New birth center to open on Chicago’s South Side as Pritzker touts
proposed maternal health spending
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[February 27, 2024]
By DILPREET RAJU
Capitol News Illinois
State and community leaders on Monday celebrated the planned opening of
a new freestanding birth center on Chicago’s South Side while
emphasizing proposed maternal health spending increases in Gov. JB
The nonprofit Chicago South Side Birth Center will mark the city’s
second active midwife-led birth center, but the first for the South
Side. Advocates say the Black-led center offers safe birthing
alternatives in a medically underserved area of the city.
Jeanine Valrie Logan, a midwife and leader at the Chicago Beyond
philanthropic organization that helped launch the birth center, said the
push to create more options for family planning would have been
impossible without a 2021 law that increased to 17, from 12, the number
of birth centers allowed in Illinois.
Lt. Gov. Juliana Stratton said facilities like the South Side Birth
Center are important in the Black community. She discussed how she — and
now her grown daughters — have serious hesitations with trusting medical
caregivers, especially while pregnant. She shared a story of being
called “sweetheart” by a doctor who was giving her a prenatal
“This is personal to me. All these years later, we still haven't figured
out how Black women can have safe pregnancies, birthing experiences and
a healthy first year postpartum,” Stratton said.
Last year, the Illinois Department of Public Health found over 90
percent of all deaths for those pregnant or within one year of pregnancy
were potentially preventable from 2018 through 2020. That same study,
the “2023 Maternal Morbidity and Mortality Report,” also found Black
women were two times as likely two die to from pregnancy-related
conditions when compared to white women over the same timespan.
Logan emphasized how freestanding birth centers, where midwives are
available to care for pregnant mothers in place of doctors, will
transform maternal care for long underserved communities.
It aims “to create a space that will change how people receive
reproductive health care,” she said.
Sen. Lakesia Collins, D-Chicago, shared her experience of finding a
midwife and doula, both of whom positively shaped her delivery and
“It was one of the best choices I could have ever made in my life … and
the care for the mother and then the child all at the same time, and
then postpartum care, it really saved me,” Collins said.
Pritzker said Illinois must start acting on maternal health issues.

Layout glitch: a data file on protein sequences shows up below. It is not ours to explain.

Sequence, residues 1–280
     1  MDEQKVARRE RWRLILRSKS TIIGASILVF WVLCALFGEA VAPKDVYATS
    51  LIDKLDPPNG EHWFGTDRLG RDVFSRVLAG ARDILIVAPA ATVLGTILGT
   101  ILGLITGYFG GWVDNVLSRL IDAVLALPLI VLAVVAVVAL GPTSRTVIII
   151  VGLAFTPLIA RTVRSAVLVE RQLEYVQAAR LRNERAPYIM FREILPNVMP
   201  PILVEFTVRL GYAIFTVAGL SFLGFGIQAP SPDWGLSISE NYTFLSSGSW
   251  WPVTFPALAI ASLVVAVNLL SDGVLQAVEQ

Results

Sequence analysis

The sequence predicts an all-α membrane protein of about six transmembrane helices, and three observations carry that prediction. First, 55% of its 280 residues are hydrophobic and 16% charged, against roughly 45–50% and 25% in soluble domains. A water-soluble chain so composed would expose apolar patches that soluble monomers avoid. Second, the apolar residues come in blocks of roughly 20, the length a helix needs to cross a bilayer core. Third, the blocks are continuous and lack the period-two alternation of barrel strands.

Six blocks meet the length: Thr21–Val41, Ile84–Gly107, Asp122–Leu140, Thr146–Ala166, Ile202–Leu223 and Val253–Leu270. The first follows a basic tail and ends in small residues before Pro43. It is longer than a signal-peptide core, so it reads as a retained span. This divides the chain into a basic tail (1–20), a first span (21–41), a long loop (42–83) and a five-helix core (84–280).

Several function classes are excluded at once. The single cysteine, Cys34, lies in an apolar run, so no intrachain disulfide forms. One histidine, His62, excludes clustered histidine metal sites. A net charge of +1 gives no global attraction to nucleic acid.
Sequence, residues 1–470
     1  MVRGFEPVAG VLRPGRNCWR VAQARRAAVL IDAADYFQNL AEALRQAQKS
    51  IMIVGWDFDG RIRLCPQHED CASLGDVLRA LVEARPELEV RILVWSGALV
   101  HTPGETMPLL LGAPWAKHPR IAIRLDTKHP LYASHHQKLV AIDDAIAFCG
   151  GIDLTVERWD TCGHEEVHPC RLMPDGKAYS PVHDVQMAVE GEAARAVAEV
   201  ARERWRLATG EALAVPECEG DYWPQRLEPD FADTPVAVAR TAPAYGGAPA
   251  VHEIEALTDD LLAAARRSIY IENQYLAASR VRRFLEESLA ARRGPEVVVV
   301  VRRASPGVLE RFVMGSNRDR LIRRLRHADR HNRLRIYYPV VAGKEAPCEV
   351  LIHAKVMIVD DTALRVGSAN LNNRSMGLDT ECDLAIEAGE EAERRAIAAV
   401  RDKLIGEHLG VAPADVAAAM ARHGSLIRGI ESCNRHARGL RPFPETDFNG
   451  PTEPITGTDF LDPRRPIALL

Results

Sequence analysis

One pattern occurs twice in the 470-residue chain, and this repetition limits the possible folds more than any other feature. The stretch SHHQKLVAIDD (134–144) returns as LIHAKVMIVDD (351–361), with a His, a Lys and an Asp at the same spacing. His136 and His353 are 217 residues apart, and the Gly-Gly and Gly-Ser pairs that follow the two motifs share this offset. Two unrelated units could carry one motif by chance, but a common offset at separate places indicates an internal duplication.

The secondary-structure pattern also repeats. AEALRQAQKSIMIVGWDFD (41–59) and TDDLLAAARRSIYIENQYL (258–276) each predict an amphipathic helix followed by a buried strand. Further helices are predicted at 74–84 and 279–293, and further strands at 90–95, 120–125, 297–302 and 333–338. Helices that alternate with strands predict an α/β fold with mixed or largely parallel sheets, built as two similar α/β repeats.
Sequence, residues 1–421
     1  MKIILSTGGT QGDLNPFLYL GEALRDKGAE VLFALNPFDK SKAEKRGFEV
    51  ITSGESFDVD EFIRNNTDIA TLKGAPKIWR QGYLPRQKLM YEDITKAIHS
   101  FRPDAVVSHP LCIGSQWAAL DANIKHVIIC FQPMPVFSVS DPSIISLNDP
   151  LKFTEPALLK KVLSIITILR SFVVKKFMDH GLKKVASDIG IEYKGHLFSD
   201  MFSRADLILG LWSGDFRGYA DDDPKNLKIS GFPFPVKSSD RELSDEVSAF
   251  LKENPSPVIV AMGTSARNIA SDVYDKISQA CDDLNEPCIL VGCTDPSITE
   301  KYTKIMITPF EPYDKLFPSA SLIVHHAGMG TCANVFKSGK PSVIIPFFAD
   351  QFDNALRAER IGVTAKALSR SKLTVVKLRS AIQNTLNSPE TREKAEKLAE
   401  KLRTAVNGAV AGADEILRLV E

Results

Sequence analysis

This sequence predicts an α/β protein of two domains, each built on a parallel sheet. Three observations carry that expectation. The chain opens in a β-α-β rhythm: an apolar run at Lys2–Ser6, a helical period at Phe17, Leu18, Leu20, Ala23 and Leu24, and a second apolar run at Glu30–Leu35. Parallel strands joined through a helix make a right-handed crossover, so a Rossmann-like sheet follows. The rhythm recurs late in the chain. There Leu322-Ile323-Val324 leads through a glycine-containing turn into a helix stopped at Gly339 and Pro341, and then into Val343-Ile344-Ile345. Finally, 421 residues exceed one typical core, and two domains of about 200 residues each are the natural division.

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Lt. Gov. Juliana Stratton speaks at an event announcing the planned
opening of a birth center on the South Side of Chicago Monday.
“Unfortunately, our nation is failing mothers and mothers-to-be on
nearly every metric,” he said. “We have so much to do but imagine what
this will look like when it’s completed.”
“The center is intended to offer a full spectrum of reproductive care
from contraception to STI screenings and abortion to prenatal birthing
and postpartum care, serving as a model for how Illinois can decrease
Black maternal mortality,” he added.
Starting this year, for the first time in Illinois history, doulas,
midwives and lactation consultants are being recognized as Medicaid
health care providers, expanding who can receive their services, he
Pritzker also continued to promote his proposed budget, highlighting the
Illinois Birth Equity Initiative — a multi-pronged proposal aimed at
promoting infant health while reducing the number of maternal and infant
He proposed allocating $5 million to a home visiting program for new
parents and over $4 million to IDPH to create a statewide maternal
health plan and distribute grants to community-based reproductive health
Pritzker highlighted other measures from his budget aimed at new
parents, including a $1 million pilot diaper distribution program,
operated through the Department of Human Services, and $12 million to
create a tax credit aimed at low-income families with children younger
than age three.
The preterm birth rate in Illinois, one of the leading causes of infant
death, has increased over the past decade, according to March of Dimes,
a nonprofit aimed at improving the health of babies and mothers in the
Their latest report card for Illinois gives the state a D+ preterm birth
grade for a preterm birth rate of 10.6 percent which, based on
preliminary numbers, equates to about 13,000 preterm births for 2022.
The Chicago South Side Birth Center will open in the former site of the
Morning Star Bible Baptist Church, just a few miles south of the South
No date was announced for the birth center to open.
Capitol News Illinois is
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